I couldn’t bring myself to ask the man crying toward the end of “King Lear” if he was emotional because of the play or because the Adams Shakespearean Theatre in Cedar City, Utah, was going to be torn down after 38 years.
I suspect his tears stemmed from the excellent production of Shakespeare’s play about troubled relationships between fathers and their adult children.
But he could have been one of the 150 people who came for a reunion the weekend of Aug. 14-15, a gathering of those who have worked at the Adams theater in various capacities over the years.
“That was reunion weekend, but they’ve been coming all summer just to say goodbye to the Adams theater,” said Nikki Allen Koontz, media and public relations manager for the festival.
On reunion weekend, she said, “There were not as many tears as there were stories being shared.”
Longtime festival fan Gayle Stucki said goodbye in a unique way. She paid $750 so she and her daughter could spend the night in a tent on the Adams stage on Aug. 15, listen to ghost stories, and have breakfast the next morning with Fred Adams, the jovial founder of the festival that started in 1961.
Festival officials say farewell Sept. 5 to the Adams theater, the courtyard and the grove where plays are discussed the next morning.
However, nearby construction workers are pounding away on a new outdoor theater — the Engelstad Shakespeare Theatre, a portion of the new Beverley Taylor Sorenson Center for the Arts.
When the plans for the center were announced in 2013, it was estimated to be a $30 million project. It was to be finished by 2015. And to my joy, the outdoor theater would have a retractable roof.
Now it’s a $38.6 million project. It will be finished by 2016. And to my dismay, the outdoor theater will not have a retractable roof.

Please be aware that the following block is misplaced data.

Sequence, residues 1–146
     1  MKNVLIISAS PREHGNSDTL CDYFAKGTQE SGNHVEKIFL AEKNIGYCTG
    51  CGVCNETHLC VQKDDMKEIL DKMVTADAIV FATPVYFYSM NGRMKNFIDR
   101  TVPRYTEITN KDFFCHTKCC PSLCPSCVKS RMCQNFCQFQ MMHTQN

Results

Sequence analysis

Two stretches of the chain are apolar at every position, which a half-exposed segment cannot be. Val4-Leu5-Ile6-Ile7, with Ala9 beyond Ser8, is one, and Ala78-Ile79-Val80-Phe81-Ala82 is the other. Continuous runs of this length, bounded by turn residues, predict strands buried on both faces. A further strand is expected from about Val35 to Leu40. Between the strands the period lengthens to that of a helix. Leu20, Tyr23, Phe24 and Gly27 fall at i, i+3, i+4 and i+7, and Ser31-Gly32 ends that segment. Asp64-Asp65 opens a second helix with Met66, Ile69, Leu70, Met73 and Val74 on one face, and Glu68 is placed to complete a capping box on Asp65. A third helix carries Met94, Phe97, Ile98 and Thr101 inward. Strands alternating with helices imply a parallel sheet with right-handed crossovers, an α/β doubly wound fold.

Realize that many of the more than 25,000 Southern Nevadans who attend the festival each year drive up anxiously watching the afternoon clouds threaten the evening’s outdoor show. On average, twice per season the Adams is rained out and audiences of up to 800 move into an indoor auditorium to finish the show. But the new theater will not be able to use the auditorium, which is the property of Southern Utah University.
The center will have many things — the Southern Utah Museum of Art, administrative offices, artistic and production facilities, a Greenshow stage, a grove and a small studio with seating for 200 people. The existing Randall L. Jones Theater built in 1989 is indoors and not bothered by weather issues.
But there will be no indoor auditorium available for Adams patrons in case of rain, as once promised.
Koontz explained that in keeping with other outdoor theaters’ practices, if the stage manager decides it’s not safe for the actors to continue and stops the show before the intermission, patrons will be given a credit on their account. If the show is stopped after intermission, patrons are out of luck and get no show and no credit. Expect serious grumbling when that happens when tickets can be as high as $77.
The retractable roof was abandoned for two reasons. Money and time.
Scott Phillips, executive director of the festival, told the Review-Journal’s Carol Cling the decision was “primarily a financial one,” while Co-Artistic Director David Ivers told her they wanted to be sure the building was ready for occupancy next year when the season begins June 27.
Building the roof could delay the theater’s opening six to nine months, meaning they would miss the 2016 season for the outdoor plays.
Phillips said in one grove seminar the roof would cost an additional $3 million.
As of this week, the $38.6 million goal is just $750,000 short, without the cost of the roof. If the last $750,000 doesn’t come in, the landscaping is likely to suffer, according to Koontz. “Landscaping will not be as big or tall for a while.” Four large sycamore trees were not cut down so it won’t be a barren wasteland.
And all those afternoon rain showers are good for the landscaping, even if they cause theatergoers anxious moments. Another upside, with the threat of rain, Scott predicted that in 2016, “We’ll be selling a lot of ponchos.”
People asked why they don’t just keep using the Adams theater.
Quick answer: Utah officials are uncomfortable with a wooden theater posing a fire and safety hazard. If you pay attention, you can see chains holding the balcony up. No one wants any tragedies to occur, except those meant to be on stage.
Yes, the Adams will be missed. But the Engelstad has one big advantage over the Adams: It will have restrooms.
Jane Ann Morrison’s column appears Thursday. Leave a message at 702-383-0275 or email at firstname.lastname@example.org. On Twitter: @janeannmorrison